I agree that it's even worse with speakers, but as has often been discussed, even if someone found a way to standardize speaker measurements, and could force makers to comply (can we say big government?) most of us would probably have some difficulty interpreting those measurements, and correlating them to our preferences. I think it would be more difficult than comparable measurements for carbon emissions or fuel economy.

It seems to be somewhat inescapable that we don't all like precisely the same sounding speakers. (Ribbon, vs silk dome, vs metal dome tweeters, for instance; or electrostatic vs direct driver vs horn.) I'm all for more measurements, and reviews with bench tests can help a bit with that. But I'm not holding my breath for very much meaningful standardization in the audio industry.
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post #29 of 33 Old Today, 06:51 AM
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Originally Posted by Defcon View Post
Its personal preference but they have a great reputation - esp the P363, you can read the Primus thread here for reviews.
No offense, I understand that like any speaker some will love it and some won't. I actually love Infinity's old stuff. I'm not a big fan of the newer lines personally...I find them very fatiguing. That's not to say your opinion is invalid. The original post was worded in such a way I thought you may have been joking was all.


About the OP, I think the real problem is nailing down a hard number where sound quality starts to show very incremental improvements while price skyrockets. Nobody really wants to quantify that, and maybe it is impossible to do. I think if speakers were regulated to show specs in such a way that you could verify a sound signature such as accuracy, top end roll off, bass extension, etc... It would be a much easier market to access. Still it's a crap shoot.

For instance, take Ascend, you get all the information you could possibly want. Even with that though, it's tough to understand what it really means as a consumer. The 170 looks to me like the most accurate speaker they sell. Why is it so cheap? Obviously the bamboo cabinets, fancy (expensive) drivers, and long R&D time for the Sierra has to be taken into account, but does it sound "better"? It doesn't appear to be as accurate. Perhaps it is more forgiving?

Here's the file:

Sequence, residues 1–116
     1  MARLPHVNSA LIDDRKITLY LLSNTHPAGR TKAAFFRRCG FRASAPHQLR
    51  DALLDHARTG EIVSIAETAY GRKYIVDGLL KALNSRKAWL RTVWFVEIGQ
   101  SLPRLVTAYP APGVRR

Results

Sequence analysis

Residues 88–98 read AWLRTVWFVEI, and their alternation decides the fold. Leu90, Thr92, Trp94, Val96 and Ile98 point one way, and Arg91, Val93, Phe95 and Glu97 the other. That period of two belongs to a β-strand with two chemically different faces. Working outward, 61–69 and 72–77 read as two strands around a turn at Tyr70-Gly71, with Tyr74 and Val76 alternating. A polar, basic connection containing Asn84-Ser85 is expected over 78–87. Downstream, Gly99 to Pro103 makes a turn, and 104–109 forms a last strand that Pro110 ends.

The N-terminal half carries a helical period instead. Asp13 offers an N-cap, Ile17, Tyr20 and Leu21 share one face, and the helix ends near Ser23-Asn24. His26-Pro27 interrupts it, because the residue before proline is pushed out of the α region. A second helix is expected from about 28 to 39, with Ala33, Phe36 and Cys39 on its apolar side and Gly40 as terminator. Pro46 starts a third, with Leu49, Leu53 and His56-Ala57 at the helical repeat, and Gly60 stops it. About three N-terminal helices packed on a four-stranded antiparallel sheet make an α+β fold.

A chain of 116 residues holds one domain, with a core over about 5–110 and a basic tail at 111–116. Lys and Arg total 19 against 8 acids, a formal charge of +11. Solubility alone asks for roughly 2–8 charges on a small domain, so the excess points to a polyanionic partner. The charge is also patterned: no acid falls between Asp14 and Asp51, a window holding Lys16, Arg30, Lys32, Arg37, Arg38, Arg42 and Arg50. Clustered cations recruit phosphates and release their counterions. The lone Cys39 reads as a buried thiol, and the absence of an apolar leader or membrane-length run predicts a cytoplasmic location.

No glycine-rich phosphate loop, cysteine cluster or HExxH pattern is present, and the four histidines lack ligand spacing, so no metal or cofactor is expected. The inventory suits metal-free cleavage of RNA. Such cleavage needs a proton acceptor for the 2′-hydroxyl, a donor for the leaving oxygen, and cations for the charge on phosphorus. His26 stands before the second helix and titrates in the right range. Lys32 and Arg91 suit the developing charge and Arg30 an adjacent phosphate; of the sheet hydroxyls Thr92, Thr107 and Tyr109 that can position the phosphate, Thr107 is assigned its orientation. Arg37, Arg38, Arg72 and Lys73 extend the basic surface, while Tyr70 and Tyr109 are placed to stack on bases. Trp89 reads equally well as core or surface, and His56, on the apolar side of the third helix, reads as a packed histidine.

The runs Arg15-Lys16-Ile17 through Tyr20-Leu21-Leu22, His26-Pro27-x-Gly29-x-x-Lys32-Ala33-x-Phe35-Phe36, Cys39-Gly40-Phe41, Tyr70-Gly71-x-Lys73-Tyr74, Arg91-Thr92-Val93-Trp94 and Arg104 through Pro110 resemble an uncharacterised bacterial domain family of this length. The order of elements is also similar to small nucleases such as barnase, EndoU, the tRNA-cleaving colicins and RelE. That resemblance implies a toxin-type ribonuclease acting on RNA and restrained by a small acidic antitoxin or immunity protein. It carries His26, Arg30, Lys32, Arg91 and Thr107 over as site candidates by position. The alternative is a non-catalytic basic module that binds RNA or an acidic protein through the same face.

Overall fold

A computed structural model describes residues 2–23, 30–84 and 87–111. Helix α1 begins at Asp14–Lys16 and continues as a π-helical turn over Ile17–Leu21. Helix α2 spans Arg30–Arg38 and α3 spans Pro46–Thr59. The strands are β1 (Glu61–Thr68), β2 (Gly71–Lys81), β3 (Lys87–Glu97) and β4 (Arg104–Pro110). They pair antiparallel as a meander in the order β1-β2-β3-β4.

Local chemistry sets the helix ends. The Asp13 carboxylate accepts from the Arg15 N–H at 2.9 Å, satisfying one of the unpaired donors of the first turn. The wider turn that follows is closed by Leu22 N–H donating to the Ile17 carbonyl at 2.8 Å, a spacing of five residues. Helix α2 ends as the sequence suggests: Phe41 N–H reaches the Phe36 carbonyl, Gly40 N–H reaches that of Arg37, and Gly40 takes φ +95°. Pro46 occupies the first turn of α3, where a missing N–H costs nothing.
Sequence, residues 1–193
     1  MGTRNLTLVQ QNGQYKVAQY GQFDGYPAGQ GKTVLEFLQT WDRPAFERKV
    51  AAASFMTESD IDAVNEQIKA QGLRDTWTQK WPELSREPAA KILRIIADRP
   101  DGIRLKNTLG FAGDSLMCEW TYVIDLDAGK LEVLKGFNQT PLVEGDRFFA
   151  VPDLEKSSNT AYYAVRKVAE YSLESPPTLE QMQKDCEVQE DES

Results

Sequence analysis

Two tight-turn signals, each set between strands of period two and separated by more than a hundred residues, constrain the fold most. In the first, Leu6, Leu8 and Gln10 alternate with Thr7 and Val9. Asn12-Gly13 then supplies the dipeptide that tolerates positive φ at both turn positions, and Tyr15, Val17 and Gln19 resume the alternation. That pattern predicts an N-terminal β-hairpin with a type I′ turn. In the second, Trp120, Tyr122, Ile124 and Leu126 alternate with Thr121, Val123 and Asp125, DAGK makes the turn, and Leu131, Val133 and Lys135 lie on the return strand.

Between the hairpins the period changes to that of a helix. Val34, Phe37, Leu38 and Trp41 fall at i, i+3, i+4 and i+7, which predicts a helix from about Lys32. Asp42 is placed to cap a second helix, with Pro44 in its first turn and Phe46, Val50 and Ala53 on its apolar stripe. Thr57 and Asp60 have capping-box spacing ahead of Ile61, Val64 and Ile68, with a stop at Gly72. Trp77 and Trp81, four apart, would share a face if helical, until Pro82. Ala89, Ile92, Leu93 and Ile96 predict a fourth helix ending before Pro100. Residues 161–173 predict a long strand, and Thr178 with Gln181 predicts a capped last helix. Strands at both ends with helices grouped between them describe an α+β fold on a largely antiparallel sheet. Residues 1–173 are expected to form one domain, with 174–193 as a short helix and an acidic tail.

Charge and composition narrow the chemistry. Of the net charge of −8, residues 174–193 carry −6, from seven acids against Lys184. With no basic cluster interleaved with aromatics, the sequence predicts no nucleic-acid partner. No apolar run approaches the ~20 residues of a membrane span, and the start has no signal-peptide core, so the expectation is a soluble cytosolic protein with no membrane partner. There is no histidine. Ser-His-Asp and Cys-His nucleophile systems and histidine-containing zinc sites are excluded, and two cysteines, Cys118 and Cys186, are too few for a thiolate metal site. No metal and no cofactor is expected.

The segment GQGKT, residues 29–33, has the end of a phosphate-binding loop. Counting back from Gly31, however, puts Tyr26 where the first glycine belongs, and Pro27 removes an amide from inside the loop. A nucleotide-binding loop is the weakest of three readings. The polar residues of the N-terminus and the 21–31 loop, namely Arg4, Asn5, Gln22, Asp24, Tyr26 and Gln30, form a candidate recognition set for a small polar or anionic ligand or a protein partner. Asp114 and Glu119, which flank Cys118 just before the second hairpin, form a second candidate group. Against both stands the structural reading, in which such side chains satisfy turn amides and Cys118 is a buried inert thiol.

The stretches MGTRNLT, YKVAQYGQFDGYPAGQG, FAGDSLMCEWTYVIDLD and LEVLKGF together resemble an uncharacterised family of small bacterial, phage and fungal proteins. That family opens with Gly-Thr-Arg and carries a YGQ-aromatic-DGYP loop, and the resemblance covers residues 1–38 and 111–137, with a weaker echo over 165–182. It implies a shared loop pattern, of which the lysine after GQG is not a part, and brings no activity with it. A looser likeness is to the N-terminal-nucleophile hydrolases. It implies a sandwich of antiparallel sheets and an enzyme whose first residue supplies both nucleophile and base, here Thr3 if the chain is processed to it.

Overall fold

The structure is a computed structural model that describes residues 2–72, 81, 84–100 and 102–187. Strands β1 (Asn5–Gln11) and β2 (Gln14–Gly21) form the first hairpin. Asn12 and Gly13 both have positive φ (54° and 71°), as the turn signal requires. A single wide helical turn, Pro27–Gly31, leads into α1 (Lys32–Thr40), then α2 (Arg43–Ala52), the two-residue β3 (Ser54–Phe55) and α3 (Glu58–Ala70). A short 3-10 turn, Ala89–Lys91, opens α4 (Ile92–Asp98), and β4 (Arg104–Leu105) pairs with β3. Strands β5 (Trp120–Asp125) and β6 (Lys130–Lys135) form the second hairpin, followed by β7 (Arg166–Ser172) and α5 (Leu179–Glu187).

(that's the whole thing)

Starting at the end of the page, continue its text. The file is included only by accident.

What can I expect to get from a four figure speaker that I cannot get from something under $500? Nobody seems to be able to answer those kind of questions.

Frankly, I've become tired of throwing money at the problem. I will only choose speakers which I can audition, ideally for free. This limits my options, but mitigates my risk. Even with all that, I am lost. I am probably 85% of where I want to be with my current Mirage speakers. I know that I will always feel the urge to upgrade them though because I am not blown away, I want to be blown away. I want to feel that tinge of "It's just not possible" when I listen to music. Because of that, I have a love/hate relationship with speakers and I have a lot of speakers, too many. I wish I had done more research, more auditioning, more saving, and made a hefty investment right up front to last me for a decade or more.

In my area it is impossible to move old stuff for any kind of reasonable price as well. There are some Energy RC50s sitting on Craigslist for $350, that is for four of them and a center. I can't believe they haven't sold yet. I want to buy them, but see above points.

This confusing and disjointed post sums up my conflicted relationship with Hi-fi audio. I'm always confused, always reaching for the next step up, always spending too much money for speakers I don't need and not enough for those I do. I say it is because I can't be assured that the next $2k I spend on a new set of speakers will make me stop looking.

I can rest assured if I spend $2k on most anything else I'll know what I'm getting. With all the great "budget" speakers, the magic still seems to be delegated to the rich. So where does a middle class guy such as myself draw the line?
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post #30 of 33 Old Today, 07:06 AM
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^^

I feel your pain. I was lucky enough to find some speakers many years ago that I really like, and although I have heard, and tried, other speakers since, I love the ones I have always loved. But it's a complete crap shoot to find something you love. Like yourself, I would have a very tough time auditioning all the potential speakers I might want to try. And without in-home auditions, it might still be very difficult to make really informed choices.

The good news is that we have an almost infinite variety of speakers to choose from, at innumerable price points. The bad news repeats that sentence.